… and many thanks.

Vocation: how to know if you’ve got it

Regreso / ReturnLiving  your vocation is a mark of a slowmission lifestyle. If we all spent our days doing what we love and are good at, the world would be a better place.  How do you recognize vocation? What are the marks of it?

(I’m grateful to my friend Simon Goddard who gave a talk about this stuff and whose material I have adopted(/copied).)

  1. It’s your passion. This is what gets you going, what you look forward to, what you feel deeply about and what you want to spend your life doing.
  2. You’re not bad at it. You don’t have to be the World No.1. But you’re not terrible at this. Other people appreciate it. I am a writer. I have yet to win prizes in other spheres of life, such as ballet dancing or rocket-designing. But I do win writing prizes. I feel writing is the only beautiful thing I do, and then only sometimes. But at least I do that one thing.
  3. The world needs it. OK, that’s a little grandiose. The fate of the entire planet or the destiny of nations doesn’t have to absolutely hang on you coming up with the goods. But what you do does good, eases loads, makes things better, slakes a thirst. Your joyful endeavour meets a deep need somewhere: wonderful.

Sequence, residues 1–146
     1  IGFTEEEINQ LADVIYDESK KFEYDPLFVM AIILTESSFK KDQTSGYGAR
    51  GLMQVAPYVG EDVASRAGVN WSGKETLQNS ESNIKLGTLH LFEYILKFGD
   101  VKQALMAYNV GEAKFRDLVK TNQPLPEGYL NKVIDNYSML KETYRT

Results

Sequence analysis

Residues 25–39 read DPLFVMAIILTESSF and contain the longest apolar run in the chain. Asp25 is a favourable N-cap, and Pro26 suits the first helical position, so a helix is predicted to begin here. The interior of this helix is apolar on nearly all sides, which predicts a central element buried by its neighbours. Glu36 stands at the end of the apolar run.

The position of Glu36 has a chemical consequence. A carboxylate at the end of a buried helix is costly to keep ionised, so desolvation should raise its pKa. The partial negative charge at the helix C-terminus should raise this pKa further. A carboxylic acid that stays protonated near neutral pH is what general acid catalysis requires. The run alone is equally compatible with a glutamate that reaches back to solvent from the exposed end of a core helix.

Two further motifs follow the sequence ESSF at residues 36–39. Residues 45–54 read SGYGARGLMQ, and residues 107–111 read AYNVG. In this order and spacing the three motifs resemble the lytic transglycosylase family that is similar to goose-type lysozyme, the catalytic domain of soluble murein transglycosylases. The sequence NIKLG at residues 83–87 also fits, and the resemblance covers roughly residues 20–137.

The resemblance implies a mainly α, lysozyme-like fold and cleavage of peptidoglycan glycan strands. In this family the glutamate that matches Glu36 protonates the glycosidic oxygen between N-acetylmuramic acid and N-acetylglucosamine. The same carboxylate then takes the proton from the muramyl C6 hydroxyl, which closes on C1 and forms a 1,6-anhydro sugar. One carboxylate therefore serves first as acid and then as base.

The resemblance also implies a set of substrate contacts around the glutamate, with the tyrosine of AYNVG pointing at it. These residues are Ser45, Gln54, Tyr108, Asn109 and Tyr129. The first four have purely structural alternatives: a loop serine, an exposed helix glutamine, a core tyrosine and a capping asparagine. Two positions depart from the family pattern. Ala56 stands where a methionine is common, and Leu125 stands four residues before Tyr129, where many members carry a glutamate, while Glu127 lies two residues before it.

4. The money works. Ideally, you get paid for it. Or maybe someone else gets paid enough in their vocation for you to work for free. Or sometimes you have to do a bit of tweaking to make the money work. For example, people who love the visual arts can get paid as designers. Journalism–being paid to write things for other people–worked for me for a long time. And so on. This can be a happy compromise between creativity and practicality. But also, careers evolve and hopefully you settle into a vocation more and more.

 

But some questions

This does raise a couple of questions, though.

  1. What about when it’s spoilt by difficult colleagues, bad managers, financial cuts?
  2. What if you haven’t the luxury of choosing your job(s) — you just have to put bread on the table?

That’s next week’s blog.

 

 

 

 

 

 

 

How to bury a non-churchgoer (part 2)

I asked my former church leader Canon Stephen Leeke this question:

Because I am a Christian and am occasionally found doing ‘religious stuff’, I have twice been asked to do funeral services for family members. These family members did not want a Christian funeral. I want to help the best way I can. What should I do?

In a previous post, Stephen pointed out: 

  • All human life is precious and God loves us all.
  • I am not the judge and he knows all the thoughts of our hearts.

This second post adds two more principles: